CARACAS/BOGOTA (Reuters) - The Colombian government will begin formal peace talks with leftist National Liberation Army (ELN) rebels, moving the country a step closer to ending its five-decade-old conflict, the two sides said in joint statement on Wednesday.
The Ecuador-based negotiations, which were announced by the leaders of the peace delegations in Caracas, Venezuela, will begin within two months.
Colombia and the ELN, the Andean nation’s second-largest guerrilla group, have been in preliminary talks for over two years. The group recently freed two hostages, which President Juan Manuel Santos had demanded as a condition for the start of formal talks.
“Peace is a supreme asset for every democracy,” the statement said, adding that the goal of the talks was to move quickly “toward national reconciliation.”
The two sides will work on a six-point agenda that includes the rights of victims, social justice and an end to the conflict, among other issues.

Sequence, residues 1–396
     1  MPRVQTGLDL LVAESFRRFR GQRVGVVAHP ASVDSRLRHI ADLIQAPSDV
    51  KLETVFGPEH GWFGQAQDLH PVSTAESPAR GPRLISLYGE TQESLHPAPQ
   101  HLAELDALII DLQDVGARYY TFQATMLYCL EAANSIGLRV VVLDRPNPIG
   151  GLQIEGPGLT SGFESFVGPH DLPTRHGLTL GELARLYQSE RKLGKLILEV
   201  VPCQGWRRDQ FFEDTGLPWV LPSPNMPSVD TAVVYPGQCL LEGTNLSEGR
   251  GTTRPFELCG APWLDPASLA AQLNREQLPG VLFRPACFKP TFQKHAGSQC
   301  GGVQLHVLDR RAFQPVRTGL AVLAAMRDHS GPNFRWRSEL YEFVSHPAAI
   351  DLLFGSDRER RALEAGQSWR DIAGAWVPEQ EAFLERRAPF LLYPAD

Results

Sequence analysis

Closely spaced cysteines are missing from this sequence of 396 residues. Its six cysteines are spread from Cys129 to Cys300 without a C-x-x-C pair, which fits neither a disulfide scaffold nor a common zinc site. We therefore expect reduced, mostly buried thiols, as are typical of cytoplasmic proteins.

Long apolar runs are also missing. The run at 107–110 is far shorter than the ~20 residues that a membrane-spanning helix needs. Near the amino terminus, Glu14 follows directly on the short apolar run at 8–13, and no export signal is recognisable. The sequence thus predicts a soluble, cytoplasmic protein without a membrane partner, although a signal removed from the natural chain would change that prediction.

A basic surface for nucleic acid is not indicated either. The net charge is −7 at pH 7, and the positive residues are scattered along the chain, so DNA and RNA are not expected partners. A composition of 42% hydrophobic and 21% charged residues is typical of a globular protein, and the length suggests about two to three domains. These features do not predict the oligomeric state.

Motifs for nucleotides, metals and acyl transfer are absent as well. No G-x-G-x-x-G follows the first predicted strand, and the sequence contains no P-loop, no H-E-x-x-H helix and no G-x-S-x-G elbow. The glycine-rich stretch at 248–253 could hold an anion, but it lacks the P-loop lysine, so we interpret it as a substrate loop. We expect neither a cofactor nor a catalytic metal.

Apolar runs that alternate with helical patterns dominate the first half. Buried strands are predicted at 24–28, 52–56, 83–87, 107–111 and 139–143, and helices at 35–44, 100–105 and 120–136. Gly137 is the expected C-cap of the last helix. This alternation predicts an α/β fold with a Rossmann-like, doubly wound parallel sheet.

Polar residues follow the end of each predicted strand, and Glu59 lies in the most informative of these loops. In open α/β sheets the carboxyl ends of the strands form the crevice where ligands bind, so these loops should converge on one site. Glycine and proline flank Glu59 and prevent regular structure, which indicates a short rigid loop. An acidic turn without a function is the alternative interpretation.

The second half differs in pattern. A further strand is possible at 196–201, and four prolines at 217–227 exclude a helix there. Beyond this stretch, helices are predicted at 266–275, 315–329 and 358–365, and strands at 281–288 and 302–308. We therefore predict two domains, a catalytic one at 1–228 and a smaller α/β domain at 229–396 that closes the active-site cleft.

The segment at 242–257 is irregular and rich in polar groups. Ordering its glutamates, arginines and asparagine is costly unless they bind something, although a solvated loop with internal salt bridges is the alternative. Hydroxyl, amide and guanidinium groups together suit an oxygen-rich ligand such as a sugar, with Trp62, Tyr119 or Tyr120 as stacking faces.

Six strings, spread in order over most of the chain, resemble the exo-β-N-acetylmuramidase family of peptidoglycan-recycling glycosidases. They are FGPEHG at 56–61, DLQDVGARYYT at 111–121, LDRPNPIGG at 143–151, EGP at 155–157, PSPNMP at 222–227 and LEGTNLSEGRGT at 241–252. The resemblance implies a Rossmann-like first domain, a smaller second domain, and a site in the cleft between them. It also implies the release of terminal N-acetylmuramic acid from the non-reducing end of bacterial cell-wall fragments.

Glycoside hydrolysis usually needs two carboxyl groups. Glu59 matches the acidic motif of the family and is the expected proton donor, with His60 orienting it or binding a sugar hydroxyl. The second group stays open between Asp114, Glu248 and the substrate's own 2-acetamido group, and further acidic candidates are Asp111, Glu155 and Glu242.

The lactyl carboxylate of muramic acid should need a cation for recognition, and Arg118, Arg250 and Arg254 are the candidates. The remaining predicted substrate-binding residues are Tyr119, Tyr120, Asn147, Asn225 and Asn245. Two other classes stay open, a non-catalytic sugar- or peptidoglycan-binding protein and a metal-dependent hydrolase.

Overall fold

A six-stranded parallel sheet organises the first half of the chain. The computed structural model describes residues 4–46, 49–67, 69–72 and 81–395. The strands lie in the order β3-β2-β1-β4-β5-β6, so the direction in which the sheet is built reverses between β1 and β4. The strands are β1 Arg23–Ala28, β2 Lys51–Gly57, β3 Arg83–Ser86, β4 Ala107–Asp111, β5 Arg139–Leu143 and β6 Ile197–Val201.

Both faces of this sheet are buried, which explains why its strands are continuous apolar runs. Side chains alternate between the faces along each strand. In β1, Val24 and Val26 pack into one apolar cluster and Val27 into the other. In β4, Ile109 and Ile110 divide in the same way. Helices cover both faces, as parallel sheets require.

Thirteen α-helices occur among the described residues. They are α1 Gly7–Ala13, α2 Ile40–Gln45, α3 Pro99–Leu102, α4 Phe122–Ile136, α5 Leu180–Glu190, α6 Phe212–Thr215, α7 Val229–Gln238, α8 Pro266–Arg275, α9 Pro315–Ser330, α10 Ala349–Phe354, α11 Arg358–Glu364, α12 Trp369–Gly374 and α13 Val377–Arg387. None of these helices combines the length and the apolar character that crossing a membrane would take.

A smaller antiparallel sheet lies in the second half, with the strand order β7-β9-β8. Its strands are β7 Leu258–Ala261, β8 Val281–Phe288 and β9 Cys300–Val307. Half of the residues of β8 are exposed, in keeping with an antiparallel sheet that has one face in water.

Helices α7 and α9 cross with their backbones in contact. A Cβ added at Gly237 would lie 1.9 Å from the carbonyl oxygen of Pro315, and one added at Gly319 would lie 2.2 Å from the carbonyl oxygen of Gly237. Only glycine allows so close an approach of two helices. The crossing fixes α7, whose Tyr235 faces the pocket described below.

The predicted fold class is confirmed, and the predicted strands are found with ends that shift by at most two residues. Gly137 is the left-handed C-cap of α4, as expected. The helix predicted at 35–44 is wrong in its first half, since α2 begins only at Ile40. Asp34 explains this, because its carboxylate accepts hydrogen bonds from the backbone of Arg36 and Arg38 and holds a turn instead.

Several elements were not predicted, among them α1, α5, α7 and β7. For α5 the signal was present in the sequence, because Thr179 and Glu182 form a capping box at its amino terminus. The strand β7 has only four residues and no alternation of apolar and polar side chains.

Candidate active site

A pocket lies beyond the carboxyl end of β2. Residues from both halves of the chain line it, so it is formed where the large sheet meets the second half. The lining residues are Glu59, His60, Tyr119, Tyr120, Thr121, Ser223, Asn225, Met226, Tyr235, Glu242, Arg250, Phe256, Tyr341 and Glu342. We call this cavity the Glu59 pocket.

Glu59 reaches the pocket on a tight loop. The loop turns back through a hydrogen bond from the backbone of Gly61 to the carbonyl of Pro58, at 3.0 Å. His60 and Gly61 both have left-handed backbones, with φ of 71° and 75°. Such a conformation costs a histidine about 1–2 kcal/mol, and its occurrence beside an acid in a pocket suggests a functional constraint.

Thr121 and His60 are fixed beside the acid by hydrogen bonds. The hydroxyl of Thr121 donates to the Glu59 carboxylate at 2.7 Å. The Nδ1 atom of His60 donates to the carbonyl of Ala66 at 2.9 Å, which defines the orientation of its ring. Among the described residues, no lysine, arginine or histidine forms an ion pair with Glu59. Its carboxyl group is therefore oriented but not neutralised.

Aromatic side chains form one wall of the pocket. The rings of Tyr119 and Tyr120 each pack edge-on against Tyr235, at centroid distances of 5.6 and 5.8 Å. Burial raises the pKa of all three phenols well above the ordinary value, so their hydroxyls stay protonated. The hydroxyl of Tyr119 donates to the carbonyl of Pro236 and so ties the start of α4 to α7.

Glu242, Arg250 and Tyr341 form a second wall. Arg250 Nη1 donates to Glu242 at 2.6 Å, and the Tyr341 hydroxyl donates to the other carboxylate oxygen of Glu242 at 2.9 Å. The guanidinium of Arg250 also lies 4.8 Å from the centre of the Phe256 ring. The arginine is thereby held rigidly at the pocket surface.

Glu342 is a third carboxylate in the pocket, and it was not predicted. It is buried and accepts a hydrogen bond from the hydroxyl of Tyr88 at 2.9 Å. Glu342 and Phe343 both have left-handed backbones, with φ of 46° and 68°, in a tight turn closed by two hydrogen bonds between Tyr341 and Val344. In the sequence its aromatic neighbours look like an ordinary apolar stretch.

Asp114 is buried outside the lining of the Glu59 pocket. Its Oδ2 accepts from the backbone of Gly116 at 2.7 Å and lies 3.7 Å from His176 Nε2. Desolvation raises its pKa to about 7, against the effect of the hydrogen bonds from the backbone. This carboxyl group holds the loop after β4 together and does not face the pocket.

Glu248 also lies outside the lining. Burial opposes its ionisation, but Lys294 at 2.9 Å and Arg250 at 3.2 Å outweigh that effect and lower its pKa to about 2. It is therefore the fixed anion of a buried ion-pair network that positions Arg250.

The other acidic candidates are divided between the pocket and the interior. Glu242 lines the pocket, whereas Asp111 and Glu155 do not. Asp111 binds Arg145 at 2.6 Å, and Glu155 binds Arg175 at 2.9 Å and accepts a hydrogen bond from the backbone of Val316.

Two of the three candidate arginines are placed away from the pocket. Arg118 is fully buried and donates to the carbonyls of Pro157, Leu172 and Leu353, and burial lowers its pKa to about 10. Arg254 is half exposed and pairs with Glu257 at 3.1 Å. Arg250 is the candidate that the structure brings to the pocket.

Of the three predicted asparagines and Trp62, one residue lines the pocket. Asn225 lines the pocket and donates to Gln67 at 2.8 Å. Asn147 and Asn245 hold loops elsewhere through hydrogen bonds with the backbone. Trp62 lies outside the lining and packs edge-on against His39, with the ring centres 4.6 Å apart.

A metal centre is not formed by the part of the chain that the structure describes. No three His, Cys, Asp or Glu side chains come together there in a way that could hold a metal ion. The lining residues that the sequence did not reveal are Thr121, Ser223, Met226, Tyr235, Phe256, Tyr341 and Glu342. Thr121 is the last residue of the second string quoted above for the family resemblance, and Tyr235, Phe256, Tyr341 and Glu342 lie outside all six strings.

Cuba, Norway, Venezuela, Chile, Brazil and Ecuador will act as guarantor nations.
“It will be the end of guerrilla groups and we can all concentrate - democratically - on making our country the free, normal, modern, just and inclusive place it can and should be,” Santos said during a televised address.
Negotiations with the ELN are separate from those underway in Havana with the Revolutionary Armed Forces of Colombia, or FARC, the country’s larger rebel group.
Both organizations are considered terrorist groups by the United States and European Union.
Official talks would come as approval ratings hit new lows for Santos, who replaced hard-line President Alvaro Uribe in 2010. Now an opposition senator, Uribe and his backers have harshly criticized the FARC talks, saying they will foster impunity for human rights violations.
Colombia has been negotiating with the FARC for over three years. Last week, the two sides failed to reach a self-imposed deadline for a final accord.
The 2,000-strong ELN has increased oil pipeline bombings in recent months and continued kidnappings, in what many saw as an attempt to pressure the government into talks.
Inspired by Cuba’s 1959 revolution, the ELN has battled a dozen Colombian governments since it was founded by radical Catholic priests in 1964.
While many Colombians are suspicious of peace talks, they are tired of the violence that has killed more than 220,000 and displaced millions over more than half a century.
Reporting by Luis Jaime Acosta, Julia Symmes Cobb and Helen Murphy in Bogota and Eyanir Chinea and Girish Gupta in Caracas; Editing by Paul Simao, Tom Brown and Bernard Orr